Tuesday 11 February 2014

Extremely Rare Bronze Apollo Statue Found in Gaza and Seized by Hamas

An extremely rare bronze sculpture of Apollo has been seized in Gaza. According to a report by the Guardian, the sculpture was found by a local fisherman about 100 yards off shore last August. The fisherman was unaware of the value of the piece and brought it home on a donkey cart. Eventually, after other family members took control, the piece turned up on eBay with an asking price of $500,000 and requiring that the buyer pick the piece up in Gaza.  However, $500,000 is considered far below the actual estimated value of the piece, which some are calling priceless. The eBay listing was quickly removed when the piece was seized by police from the Islamist group, Hamas, pending an investigation.

The Apollo statue is estimated to be over 2000 years old and is considered highly unique because it is a bronze cast, which is an unusual materials choice for a statue of that time.  Archeologists have yet to examine the piece, having only seen photos like the one above.  The statue will not make any further public appearances until the investigation is resolved.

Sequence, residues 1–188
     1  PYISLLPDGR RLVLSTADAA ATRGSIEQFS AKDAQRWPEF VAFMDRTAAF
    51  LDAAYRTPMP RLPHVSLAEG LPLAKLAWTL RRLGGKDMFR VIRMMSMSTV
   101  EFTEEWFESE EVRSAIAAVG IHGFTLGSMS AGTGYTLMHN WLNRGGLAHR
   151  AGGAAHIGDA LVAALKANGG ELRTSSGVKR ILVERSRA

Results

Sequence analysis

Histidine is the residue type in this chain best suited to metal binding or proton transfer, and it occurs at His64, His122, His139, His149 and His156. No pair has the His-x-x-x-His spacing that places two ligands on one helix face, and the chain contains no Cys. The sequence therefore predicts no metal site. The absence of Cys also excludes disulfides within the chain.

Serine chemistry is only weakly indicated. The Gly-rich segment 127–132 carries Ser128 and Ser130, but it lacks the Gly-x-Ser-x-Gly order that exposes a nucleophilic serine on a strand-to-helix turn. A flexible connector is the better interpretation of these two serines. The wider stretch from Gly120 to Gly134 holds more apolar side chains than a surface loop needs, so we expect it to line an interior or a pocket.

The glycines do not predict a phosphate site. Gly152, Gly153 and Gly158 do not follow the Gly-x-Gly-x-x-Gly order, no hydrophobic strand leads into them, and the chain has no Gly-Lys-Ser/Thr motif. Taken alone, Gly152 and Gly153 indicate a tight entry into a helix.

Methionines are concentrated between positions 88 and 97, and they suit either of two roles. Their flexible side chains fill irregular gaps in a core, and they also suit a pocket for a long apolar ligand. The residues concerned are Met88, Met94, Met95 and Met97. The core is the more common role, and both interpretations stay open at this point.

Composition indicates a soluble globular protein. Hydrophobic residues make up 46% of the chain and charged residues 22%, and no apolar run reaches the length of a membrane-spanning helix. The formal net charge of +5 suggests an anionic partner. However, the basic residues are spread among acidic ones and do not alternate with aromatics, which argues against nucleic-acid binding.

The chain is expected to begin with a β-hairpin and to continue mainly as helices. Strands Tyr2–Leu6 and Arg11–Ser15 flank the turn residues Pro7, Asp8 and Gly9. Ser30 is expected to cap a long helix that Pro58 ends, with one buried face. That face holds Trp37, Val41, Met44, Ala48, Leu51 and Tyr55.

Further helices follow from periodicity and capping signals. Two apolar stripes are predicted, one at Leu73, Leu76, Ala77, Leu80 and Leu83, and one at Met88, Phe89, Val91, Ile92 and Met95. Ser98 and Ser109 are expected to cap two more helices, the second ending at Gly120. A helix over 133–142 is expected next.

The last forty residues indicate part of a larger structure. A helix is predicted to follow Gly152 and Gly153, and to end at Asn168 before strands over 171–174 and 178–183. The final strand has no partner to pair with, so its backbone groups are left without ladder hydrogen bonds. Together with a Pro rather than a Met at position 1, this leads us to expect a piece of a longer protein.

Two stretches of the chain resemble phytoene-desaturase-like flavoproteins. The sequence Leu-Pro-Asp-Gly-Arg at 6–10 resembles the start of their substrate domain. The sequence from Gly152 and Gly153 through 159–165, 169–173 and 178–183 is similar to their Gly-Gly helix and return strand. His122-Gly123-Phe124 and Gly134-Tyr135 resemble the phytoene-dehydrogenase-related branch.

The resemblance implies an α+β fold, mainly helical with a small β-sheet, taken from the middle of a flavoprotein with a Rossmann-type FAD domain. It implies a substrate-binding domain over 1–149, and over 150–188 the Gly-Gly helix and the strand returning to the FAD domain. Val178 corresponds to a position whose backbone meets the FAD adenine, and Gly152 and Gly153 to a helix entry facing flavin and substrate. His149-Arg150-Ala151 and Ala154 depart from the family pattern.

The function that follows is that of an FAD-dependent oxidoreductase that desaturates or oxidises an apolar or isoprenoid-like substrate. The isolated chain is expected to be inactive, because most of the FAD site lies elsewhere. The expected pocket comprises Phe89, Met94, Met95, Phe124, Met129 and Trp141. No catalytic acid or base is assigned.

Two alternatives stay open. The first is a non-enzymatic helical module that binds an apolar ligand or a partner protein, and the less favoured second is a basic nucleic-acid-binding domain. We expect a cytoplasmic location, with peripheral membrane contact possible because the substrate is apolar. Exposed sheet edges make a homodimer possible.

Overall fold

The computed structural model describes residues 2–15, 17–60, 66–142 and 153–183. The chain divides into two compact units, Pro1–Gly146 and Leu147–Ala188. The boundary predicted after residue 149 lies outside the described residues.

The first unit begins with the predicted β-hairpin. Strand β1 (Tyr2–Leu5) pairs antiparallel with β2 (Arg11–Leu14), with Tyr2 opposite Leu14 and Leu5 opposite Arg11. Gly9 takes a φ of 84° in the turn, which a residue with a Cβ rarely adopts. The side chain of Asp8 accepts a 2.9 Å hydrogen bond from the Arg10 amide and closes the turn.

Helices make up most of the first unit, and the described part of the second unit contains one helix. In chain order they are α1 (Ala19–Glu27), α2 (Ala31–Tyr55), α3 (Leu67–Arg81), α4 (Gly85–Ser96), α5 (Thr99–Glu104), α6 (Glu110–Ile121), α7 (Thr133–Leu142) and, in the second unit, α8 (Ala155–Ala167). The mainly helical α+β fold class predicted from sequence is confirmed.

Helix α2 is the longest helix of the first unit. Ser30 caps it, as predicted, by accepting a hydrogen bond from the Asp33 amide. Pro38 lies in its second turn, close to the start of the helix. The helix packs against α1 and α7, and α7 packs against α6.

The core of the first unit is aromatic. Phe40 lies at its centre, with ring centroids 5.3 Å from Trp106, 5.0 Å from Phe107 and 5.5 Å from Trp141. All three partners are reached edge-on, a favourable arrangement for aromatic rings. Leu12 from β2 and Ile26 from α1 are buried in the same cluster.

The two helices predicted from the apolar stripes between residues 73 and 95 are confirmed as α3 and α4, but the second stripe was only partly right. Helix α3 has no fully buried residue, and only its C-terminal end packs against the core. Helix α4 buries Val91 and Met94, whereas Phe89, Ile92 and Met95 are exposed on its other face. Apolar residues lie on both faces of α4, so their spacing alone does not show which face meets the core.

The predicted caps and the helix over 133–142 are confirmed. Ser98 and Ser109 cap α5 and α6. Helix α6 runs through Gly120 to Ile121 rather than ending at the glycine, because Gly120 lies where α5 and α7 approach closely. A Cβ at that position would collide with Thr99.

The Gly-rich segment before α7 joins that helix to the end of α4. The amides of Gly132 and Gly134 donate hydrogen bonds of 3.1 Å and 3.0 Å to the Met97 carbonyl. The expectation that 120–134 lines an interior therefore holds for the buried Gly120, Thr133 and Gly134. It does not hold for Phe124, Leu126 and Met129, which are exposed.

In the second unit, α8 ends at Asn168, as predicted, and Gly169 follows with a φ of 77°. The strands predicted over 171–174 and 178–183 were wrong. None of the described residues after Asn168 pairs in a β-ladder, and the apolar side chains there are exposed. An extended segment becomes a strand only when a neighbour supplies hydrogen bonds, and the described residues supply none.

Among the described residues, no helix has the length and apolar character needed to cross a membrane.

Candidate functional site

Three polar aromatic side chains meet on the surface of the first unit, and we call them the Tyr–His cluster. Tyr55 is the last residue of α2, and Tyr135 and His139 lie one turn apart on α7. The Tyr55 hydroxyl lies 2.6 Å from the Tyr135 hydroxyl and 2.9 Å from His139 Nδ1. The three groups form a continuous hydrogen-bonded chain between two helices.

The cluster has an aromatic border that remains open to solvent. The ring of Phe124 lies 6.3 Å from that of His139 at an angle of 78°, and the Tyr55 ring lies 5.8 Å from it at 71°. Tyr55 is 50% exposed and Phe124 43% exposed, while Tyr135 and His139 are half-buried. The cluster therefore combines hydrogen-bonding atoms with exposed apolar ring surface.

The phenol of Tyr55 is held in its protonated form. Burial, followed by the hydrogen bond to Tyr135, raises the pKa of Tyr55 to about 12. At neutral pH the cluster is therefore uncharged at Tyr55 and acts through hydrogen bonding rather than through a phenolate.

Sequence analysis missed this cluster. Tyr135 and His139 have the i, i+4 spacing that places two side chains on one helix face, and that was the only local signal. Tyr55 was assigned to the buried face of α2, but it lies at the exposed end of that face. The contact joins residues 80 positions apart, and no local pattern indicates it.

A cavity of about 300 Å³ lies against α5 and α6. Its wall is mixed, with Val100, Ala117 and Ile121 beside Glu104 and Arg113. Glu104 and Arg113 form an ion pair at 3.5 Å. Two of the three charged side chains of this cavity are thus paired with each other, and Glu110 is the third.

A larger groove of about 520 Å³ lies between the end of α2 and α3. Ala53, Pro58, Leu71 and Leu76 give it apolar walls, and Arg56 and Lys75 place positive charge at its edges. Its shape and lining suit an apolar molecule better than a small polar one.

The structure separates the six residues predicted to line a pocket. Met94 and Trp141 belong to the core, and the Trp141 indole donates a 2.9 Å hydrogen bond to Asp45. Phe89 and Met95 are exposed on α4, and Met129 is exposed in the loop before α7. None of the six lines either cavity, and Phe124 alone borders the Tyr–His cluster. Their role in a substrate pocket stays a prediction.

Some debate whether the piece was actually found in the sea due to its clean condition and speculate that the piece was found on land.  This theory continues that the finder did not disclose the location in an attempt to circumvent ownership issues.  Either way there is speculation that the piece likely signals the existence of a far more extensive treasure trove, such as a buried temple.

Located on land, or at sea, this find presents legal issues that may be difficult to resolve, especially in such a historic and tumultuous region.  Domestic and international laws regarding objects of cultural heritage and other objects of value found at sea, including the International Convention on the Protection of Underwater Cultural Heritage, not to mention other bi-lateral or multilateral treaties may apply.  Interestingly, Palestine is not a signatory to the U.N. Convention on the Law of Sea, a treaty which may also have provided guidance, particularly Article 303, on the handling of this potentially priceless artifact.  That is, assuming the piece was actually found at sea.

Hopefully this rare and wonderful statue, which has so quickly vanished again from the world's view, will be displayed and made accessible for study in future.

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